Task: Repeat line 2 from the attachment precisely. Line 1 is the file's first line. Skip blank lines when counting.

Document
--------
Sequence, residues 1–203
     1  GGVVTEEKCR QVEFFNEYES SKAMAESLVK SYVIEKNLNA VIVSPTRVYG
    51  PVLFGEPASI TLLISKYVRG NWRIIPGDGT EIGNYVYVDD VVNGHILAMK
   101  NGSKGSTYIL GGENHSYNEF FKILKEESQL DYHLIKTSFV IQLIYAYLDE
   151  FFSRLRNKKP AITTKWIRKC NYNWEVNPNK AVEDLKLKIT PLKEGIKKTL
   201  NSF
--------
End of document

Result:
     1  GGVVTEEKCR QVEFFNEYES SKAMAESLVK SYVIEKNLNA VIVSPTRVYG